Facebook Sheryl Sandberg says women aren't leaders due to likability
Facebook COO Sheryl Sandberg says ‘likeability’ is the reason behind a lack of female leaders – while married women are more likely to be ‘assertive’ at work because they ‘don’t care about being liked’
- Sheryl Sandberg, 50, argued ‘likeability’ is the reason for lack of female leaders
- Facebook COO said women can be branded ‘difficult’ for taking on responsibility
- Said those who care less about being liked can be more assertive and ‘get ahead’
- Pointed to study which says married women are likely to succeed over likability
Sheryl Sandberg has claimed women are not succeeding in the workplace due to likability, which prevents them climbing through the ranks.
The mother-of-two, 50, told The Sunday Times Magazine she felt women were more likely to be branded ‘difficult’ for taking on more responsibility, while a male counter-part may more naturally be seen as a leader.
Sheryl, who is currently engaged to partner Tom Bernthal following the death of her husband Dave Goldberg in 2015, also argued married women are able to make ‘stronger points’ and be ‘more assertive’ at work because they’re not trying to be liked within the ‘dating market’ of a company.
She argued: ‘If you can care less about being liked, you can be more assertive and get ahead.’
Sheryl Sandberg argued women faced a likability issue when climbing through the ranks of their workplace (pictured during the Bloomberg Year Ahead Summit in New York in November 2019)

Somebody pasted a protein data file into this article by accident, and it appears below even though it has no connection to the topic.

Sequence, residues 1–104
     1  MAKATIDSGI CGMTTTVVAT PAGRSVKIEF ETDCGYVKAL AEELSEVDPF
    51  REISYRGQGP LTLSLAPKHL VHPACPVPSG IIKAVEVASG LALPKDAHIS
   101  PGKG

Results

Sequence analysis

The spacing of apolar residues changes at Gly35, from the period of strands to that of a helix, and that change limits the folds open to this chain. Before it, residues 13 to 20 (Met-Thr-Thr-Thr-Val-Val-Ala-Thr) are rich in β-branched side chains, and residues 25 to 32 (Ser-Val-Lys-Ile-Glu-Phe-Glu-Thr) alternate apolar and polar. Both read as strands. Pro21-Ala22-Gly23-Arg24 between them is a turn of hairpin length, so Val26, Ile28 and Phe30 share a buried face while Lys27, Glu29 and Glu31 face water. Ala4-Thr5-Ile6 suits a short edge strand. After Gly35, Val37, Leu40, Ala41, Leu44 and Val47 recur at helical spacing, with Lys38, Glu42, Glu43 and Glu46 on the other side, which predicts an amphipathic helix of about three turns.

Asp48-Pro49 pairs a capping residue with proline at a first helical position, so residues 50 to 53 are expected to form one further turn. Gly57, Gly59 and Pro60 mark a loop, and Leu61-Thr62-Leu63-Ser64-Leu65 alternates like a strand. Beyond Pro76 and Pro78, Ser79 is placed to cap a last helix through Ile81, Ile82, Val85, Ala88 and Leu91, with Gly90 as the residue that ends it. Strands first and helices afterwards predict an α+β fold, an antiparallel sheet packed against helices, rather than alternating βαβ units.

She explained that studies show that as men progressed in their career, they are perceived as more likable by men and women, whereas the opposite is true for women.
Sheryl said: ‘If women can’t hold people to account without being seen as difficult or a nag, then as a women you can’t run teams effectively.’
She said she often sees scenarios where a woman has been described as ‘yelling’ if she doesn’t have good manners.
Meanwhile she said that for a man to be described in the same way, he woudl have to ‘scream and throw things.’
Sheryl, who works as Facebook’s Chief Operations Officer in Silicon Valley, also argued that married women are able to be ‘more assertive’ at work because they may not care about being ‘liked’ within the ‘dating market’ of the office
She also argued that women are more likely to be perceived as controlling and difficult if they give staff specific instructions.
Sheryl pointed to a study from ‘a leading business school’ which suggested women who are married do much better than single women because they’re more likely to speak up and make strong arguments which others may or may not disagree with.
She said married women may be more likely to make ‘stronger points’ while those who are single are ‘within the dating market’ of the class and therefore may care more about being liked and not be as assertive with arguments.
Sheryl, who has two children with late husband Dave Goldberg, said women should be taught not to care about what people think of them.
Sheryl, who is currently engaged to partner Tom Bernthal, also said that women who are single may be ‘less likely to be assertive and make strong arguments at work because they’re part of a ‘dating market’
She went on to say that leadership was about making unpopular decisions, and added men were more likely to be okay with making tough choices because, they grew more popular with them than women.
The COO added that the bias was ‘insidious,’ and caused a vicious circle to take place, where women could not be assertive as a leader and liked at the same time, making it difficult to run a team.
She said the key to shifting the tide was more education at home and in school, as well as more positive messages about female ambition.
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